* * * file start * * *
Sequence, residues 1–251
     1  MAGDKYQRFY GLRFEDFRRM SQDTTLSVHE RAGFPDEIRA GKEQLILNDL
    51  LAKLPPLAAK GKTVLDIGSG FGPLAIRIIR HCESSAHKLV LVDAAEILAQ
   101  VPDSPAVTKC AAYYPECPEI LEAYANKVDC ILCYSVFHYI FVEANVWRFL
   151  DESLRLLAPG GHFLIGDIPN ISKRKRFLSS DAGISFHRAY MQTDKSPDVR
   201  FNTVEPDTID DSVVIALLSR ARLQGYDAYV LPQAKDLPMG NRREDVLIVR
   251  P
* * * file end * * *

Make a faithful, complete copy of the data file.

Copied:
Sequence, residues 1–251
     1  MAGDKYQRFY GLRFEDFRRM SQDTTLSVHE RAGFPDEIRA GKEQLILNDL
    51  LAKLPPLAAK GKTVLDIGSG FGPLAIRIIR HCESSAHKLV LVDAAEILAQ
   101  VPDSPAVTKC AAYYPECPEI LEAYANKVDC ILCYSVFHYI FVEANVWRFL
   151  DESLRLLAPG GHFLIGDIPN ISKRKRFLSS DAGISFHRAY MQTDKSPDVR
   201  FNTVEPDTID DSVVIALLSR ARLQGYDAYV LPQAKDLPMG NRREDVLIVR
   251  P